• [18:42] It's psychologically important for the event to contain a lot of sensory information.
  • [19:53] Having enjoyed a happy set of childhood traditions makes parents more likely to give you support and enact effective rituals for their children. It has actually been shown to create more mentally strong kids.
  • [20:34] Traditions have been passed down through story or ritual in cultures all around the world for a reason. They teach us morals and what is important.
  • [22:24] Brands like Macy's have holiday traditions, and there are even traditions in the brand of food we buy.
  • [25:22] I have loved learning about some of your traditions over the last couple of weeks – and not surprisingly, this is something people love to share about because…we love our traditions!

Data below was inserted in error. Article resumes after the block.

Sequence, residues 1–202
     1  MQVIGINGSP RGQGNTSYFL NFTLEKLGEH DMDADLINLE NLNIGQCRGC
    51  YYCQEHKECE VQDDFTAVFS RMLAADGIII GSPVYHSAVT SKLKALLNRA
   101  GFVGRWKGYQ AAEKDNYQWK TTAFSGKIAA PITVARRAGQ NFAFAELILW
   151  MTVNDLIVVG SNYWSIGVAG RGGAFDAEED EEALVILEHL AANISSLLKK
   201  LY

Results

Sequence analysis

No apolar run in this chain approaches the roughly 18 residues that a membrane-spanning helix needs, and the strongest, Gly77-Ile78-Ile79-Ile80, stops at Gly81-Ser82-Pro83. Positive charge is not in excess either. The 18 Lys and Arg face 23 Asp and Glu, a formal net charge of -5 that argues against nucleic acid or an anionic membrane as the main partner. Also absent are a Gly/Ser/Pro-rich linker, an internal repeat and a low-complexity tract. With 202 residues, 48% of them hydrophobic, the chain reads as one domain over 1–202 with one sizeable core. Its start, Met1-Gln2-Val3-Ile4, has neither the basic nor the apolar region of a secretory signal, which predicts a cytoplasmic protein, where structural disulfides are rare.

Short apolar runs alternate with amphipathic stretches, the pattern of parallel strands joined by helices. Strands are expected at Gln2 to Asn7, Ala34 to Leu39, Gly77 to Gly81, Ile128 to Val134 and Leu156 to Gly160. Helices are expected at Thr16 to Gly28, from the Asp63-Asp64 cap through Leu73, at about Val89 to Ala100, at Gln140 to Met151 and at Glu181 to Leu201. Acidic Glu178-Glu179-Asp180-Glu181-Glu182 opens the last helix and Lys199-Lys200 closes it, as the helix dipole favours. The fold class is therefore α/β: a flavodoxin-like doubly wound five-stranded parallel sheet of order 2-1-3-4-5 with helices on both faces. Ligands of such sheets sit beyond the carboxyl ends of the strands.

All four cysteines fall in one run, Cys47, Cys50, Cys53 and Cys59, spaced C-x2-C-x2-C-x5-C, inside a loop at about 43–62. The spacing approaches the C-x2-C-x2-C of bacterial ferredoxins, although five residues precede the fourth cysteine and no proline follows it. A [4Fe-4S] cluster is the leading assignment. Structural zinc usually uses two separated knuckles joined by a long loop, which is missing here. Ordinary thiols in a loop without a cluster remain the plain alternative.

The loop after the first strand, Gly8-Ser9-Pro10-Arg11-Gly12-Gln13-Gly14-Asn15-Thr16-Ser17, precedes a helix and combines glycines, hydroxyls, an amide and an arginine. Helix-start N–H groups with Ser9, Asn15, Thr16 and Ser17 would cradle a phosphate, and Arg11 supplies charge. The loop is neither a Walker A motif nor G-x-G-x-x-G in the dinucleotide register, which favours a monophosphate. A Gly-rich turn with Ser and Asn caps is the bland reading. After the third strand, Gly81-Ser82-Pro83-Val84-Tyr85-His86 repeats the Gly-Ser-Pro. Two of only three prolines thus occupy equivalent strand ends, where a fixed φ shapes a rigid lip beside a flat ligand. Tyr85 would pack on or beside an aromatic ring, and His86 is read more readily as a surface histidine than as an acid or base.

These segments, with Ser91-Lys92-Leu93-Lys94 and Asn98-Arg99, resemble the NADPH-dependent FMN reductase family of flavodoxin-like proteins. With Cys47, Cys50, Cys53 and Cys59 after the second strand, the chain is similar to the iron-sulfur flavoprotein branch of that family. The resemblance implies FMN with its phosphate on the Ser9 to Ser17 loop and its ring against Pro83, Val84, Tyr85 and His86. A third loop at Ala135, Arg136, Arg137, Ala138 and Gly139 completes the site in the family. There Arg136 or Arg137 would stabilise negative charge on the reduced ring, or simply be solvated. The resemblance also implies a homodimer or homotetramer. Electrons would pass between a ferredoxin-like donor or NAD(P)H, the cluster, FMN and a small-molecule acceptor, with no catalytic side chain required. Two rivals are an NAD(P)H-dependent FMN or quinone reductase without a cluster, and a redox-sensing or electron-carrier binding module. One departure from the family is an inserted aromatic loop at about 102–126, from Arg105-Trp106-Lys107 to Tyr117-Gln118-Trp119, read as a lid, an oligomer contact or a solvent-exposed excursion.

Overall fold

• [26:08] What is your favorite holiday tradition and why is it important to you? Will you tell me about it on social media?
  • [26:28] For your business, it is a good time to ask, is there something you can do to be part of a tradition at the holidays or any other time of year? How can you be part of a ritual?
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Om Podcasten

Consumers are weird. They don't do what they say they will do and don't act how we think they "should." Enter Melina Palmer, a sales conversion expert with a personal mission to make your business more effective and brain friendly. In this podcast, Melina will take the complex concepts of behavioral economics (the study and science of why people buy - or not) and provide simple, actionable tips you can apply right away in your business. Whether you're a small business or thriving corporation, Melina's tips can help your business increase sales and get more customers.